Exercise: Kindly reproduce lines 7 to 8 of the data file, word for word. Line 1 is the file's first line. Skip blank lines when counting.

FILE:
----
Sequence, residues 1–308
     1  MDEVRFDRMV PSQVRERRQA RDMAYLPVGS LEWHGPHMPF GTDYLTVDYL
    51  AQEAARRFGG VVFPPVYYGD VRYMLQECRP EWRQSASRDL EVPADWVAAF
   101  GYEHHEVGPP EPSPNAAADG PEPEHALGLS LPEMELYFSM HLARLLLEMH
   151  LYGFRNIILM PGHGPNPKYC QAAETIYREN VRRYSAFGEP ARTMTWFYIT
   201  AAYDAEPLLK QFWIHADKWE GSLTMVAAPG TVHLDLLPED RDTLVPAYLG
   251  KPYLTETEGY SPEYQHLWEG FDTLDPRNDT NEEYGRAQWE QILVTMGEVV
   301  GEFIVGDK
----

   251  KPYLTETEGY SPEYQHLWEG FDTLDPRNDT NEEYGRAQWE QILVTMGEVV
   301  GEFIVGDK